Russel Norman asked Bill English about the economic impacts of coming oil shocks and how transport infrastructure planning takes them into account. I’m not sure which was more surprising: English’s matter-of-fact acknowledgment that peak oil is coming, or his attitude that it’s not something the government needs to worry about because the market will sort things out.
Dr Russel Norman: Is New Zealand’s economic recovery vulnerable to oil price shocks; if so, how?
Hon BILL ENGLISH: Yes, the New Zealand economic recovery is vulnerable to any kinds of price shocks, including oil price shocks. At the moment there is evidence of increases in commodity prices that would suggest that there could be risks in the future. That is why we have to manage the Government’s books very tightly in case things go wrong. That is why we need to get on with a programme of structural reform, investment in infrastructure and in skills, and changes in the tax system. Those are some of the things we can influence that will improve our outlook. Other things like the oil prices we cannot influence, but we could be badly affected by them.
So far, so good, right? Don’t get too excited.
Dr Russel Norman: In reference to the infrastructure investment, does he think that future high oil prices should be considered in the business cases for new infrastructure, such as roads of national significance?
Hon BILL ENGLISH: That factor is taken into account indirectly through traffic forecasts, and it is possible that if oil prices got very high and stayed that way, there would be less traffic. I do not think that is likely. The record in New Zealand is that with economic growth, traffic volumes tend to grow. But, fundamentally, we leave those decisions to New Zealanders to decide whether they want to face that cost and have the related benefits, or get on their bikes or take public transport.
But what if the public transport is full to bursting already? Rail patronage in Auckland was up 17% in August compared to last August and total Auckland public transport numbers were up 7.8%. People don’t want to pay $1.80 a litre to sit in congestion and then pay a small fortune for parking. They want public transport but it’s all full up and it isn’t widespread enough.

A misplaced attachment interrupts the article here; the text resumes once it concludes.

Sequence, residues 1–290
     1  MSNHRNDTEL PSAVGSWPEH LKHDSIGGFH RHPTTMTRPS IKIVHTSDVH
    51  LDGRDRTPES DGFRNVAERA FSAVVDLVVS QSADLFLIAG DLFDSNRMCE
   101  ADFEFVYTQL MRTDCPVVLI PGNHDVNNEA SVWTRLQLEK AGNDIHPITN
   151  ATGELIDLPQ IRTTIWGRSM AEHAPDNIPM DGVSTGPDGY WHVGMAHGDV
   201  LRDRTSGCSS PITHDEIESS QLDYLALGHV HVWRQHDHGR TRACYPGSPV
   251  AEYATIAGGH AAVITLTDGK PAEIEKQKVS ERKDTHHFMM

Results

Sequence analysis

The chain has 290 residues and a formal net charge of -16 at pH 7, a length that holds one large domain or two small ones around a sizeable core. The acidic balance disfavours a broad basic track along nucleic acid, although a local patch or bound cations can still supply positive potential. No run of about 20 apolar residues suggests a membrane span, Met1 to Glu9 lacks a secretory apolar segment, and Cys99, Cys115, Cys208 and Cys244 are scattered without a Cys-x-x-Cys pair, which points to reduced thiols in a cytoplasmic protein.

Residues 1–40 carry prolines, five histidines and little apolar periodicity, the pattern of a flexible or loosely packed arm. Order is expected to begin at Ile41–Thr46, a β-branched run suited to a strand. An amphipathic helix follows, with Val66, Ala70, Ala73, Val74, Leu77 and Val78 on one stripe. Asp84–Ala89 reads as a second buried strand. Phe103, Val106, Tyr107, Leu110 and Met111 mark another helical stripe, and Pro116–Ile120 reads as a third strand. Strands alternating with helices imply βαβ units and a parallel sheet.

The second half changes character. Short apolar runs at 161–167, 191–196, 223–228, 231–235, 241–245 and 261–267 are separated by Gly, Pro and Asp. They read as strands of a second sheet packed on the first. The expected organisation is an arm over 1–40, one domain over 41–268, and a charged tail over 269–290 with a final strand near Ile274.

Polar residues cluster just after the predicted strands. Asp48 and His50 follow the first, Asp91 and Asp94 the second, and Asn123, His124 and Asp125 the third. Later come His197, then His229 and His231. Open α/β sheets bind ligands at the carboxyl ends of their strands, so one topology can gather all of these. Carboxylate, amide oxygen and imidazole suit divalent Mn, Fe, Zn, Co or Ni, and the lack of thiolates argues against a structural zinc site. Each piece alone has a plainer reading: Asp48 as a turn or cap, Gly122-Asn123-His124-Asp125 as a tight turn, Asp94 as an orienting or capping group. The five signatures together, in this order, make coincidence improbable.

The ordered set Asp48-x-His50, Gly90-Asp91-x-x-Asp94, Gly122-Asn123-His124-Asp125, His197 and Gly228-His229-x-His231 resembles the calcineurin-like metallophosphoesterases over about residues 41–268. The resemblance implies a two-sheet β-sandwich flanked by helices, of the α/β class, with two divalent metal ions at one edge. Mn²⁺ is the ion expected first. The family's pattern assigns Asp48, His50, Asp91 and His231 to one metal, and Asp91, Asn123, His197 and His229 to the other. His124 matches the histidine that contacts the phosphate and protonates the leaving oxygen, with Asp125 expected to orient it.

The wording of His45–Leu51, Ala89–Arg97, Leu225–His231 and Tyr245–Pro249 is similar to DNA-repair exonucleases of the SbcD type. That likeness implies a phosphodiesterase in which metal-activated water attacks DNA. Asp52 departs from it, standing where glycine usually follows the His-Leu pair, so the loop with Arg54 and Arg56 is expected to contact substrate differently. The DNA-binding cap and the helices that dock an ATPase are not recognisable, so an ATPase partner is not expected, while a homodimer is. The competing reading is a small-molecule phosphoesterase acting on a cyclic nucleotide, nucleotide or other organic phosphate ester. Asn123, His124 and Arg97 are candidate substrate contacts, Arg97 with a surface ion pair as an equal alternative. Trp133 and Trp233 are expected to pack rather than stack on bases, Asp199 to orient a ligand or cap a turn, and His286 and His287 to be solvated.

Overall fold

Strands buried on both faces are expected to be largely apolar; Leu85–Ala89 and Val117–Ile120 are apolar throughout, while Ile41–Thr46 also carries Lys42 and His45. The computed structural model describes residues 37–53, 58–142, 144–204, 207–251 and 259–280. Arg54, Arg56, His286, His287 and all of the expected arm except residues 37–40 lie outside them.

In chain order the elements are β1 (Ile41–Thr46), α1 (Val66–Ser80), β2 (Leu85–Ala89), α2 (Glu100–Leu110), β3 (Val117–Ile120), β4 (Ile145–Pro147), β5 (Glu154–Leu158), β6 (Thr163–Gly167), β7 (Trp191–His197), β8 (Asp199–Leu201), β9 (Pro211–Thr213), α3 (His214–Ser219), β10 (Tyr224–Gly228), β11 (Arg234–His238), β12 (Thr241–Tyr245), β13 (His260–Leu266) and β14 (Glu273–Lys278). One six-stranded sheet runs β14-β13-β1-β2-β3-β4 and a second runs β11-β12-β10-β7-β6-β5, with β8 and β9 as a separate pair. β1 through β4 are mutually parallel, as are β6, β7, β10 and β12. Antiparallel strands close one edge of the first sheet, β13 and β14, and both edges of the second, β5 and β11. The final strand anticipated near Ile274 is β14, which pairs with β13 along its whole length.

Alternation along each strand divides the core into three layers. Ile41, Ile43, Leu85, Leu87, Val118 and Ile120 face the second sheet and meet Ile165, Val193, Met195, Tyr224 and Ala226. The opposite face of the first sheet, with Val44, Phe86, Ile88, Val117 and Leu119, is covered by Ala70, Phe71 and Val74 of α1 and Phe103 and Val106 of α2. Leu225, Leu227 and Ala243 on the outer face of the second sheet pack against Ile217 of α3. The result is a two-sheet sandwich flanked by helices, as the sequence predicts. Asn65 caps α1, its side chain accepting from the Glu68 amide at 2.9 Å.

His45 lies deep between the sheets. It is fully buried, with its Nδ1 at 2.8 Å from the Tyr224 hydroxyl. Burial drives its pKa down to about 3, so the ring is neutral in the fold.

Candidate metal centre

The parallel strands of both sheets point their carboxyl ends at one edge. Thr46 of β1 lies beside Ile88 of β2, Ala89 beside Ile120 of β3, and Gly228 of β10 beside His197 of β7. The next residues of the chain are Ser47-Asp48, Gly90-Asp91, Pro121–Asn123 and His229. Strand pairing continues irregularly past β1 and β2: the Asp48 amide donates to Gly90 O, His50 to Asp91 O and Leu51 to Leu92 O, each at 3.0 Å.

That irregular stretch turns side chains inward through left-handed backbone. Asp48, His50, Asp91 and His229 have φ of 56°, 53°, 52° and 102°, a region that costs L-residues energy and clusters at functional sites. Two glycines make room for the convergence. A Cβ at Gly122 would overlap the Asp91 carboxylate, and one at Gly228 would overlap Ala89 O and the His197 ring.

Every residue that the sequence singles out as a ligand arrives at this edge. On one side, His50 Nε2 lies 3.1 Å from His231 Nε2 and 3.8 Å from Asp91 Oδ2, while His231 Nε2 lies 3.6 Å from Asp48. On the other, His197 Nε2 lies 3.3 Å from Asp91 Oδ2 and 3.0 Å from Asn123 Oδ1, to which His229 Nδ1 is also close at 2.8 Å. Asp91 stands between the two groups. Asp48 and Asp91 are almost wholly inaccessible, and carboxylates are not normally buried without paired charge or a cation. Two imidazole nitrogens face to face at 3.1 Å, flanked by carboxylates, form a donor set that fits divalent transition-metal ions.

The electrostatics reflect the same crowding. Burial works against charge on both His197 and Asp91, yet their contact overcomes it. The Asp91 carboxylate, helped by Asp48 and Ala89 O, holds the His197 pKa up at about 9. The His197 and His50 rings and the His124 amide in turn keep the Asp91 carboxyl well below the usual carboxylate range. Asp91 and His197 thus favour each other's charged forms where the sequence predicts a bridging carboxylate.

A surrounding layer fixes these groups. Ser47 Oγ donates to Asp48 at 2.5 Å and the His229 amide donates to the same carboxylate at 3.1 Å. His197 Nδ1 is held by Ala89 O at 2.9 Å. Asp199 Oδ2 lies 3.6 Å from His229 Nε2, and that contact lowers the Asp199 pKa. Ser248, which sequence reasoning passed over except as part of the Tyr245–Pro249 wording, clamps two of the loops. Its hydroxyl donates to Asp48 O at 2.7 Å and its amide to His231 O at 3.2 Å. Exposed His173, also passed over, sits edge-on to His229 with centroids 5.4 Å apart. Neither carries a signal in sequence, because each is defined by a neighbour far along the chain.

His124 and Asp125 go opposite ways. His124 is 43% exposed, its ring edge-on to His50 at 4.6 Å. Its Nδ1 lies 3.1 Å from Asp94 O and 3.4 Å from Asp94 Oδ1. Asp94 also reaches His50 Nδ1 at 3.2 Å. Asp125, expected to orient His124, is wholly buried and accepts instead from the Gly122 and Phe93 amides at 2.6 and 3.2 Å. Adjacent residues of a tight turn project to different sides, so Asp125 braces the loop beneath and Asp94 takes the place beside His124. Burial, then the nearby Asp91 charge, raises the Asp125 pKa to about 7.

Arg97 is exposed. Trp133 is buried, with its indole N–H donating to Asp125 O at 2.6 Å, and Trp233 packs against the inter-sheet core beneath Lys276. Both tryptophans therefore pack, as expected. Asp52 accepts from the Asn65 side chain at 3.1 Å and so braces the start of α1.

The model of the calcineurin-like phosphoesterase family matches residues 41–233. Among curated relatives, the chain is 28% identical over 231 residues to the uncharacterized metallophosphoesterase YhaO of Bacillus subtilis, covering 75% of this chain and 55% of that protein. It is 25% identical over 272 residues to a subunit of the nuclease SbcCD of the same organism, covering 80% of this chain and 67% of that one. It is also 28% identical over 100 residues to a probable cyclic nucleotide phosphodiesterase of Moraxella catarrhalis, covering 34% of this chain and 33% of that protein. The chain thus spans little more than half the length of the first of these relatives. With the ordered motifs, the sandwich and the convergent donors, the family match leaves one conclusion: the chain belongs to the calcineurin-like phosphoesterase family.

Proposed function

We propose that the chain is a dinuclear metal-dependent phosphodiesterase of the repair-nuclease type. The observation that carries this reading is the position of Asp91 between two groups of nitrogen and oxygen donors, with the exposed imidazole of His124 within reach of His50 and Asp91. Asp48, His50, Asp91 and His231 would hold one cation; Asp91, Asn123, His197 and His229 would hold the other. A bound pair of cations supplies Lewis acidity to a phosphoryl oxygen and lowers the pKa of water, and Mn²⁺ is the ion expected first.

Dr Russel Norman: Does he believe that the kinds of infrastructure investments that the Government makes have a profound effect on behaviour, by providing opportunities to use public transport or opportunities to use motorways, so given the length of time that these infrastructure investments last for, he needs to take into account the future price of oil because these infrastructure investments will last for many decades?
Hon BILL ENGLISH: The Government, in the first place, is not any better placed than anyone else to guess prices in 10 or 20 years’ time; but, secondly, we have spread our investment on infrastructure. For instance, in the Auckland area we are spending about $3.5 billion on motorways, but $1.5 billion on trains. I hope that in 20 years’ time both of those investments have proven to be useful, and it will need a sharp increase in the patronage of people using public transport to make those investments viable. At the moment, they are pretty marginal.
Dr Russel Norman: Is the Minister aware of the comments made by the chief economist from the International Energy Agency just last year in which he said “oil … is running out far faster than previously predicted and that global production is likely to peak in about 10 years—at least a decade earlier than most governments had estimated.”, and if global oil production peaks in 10 years, does he think that will result in an increase in the price of oil?
Hon BILL ENGLISH: I think that is anticipated, to a significant extent, because we are seeing any number of energy companies looking at investing in alternative sorts of energy. We are seeing significant investment in solar energy, for instance, which is bringing the price down, and investment in electric cars on a pretty large scale. I think most people expect oil prices will be pretty high, and they are looking for alternatives. In our view that is best left to the market, which has stronger incentives to get it right than Governments trying to follow political fashions.
So much for English’s earlier admission – now being worried about the ability of oil supply to meet demand with out devastating price spikes is just a ‘political fashion’.
The idea that some techno-fix will be created by the market save us if oil prices get too high is rubbish. English may as well ask Key’s pixies down the bottom of the garden to magic up an alternative energy system.
The next oil shock is just a few years away. By that time the government expects there to be a only few hundred electric cars in the country. And a cycleway of oil-spike recessions will only force companies to cut R&D – not that there are any alternatives to oil for fuelling a car-based economy (there’s not enough lithium or rare earths to make nearly enough batteries, even if we did have the extra electric power capacity).
We can’t sit around and expect the market will produce cars that don’t need oil in sufficient quantities when the oil spikes come.
The Government needs to take some responsibility and realise that, when it comes to transport, the government is the prime shaper of the market – it is the one that decides whether there will be more roads, encouraging more driving, or sustainable alternatives for people to choose.
Wait, did I just say the Government needs to be responsible? Ah. I think I see the problem.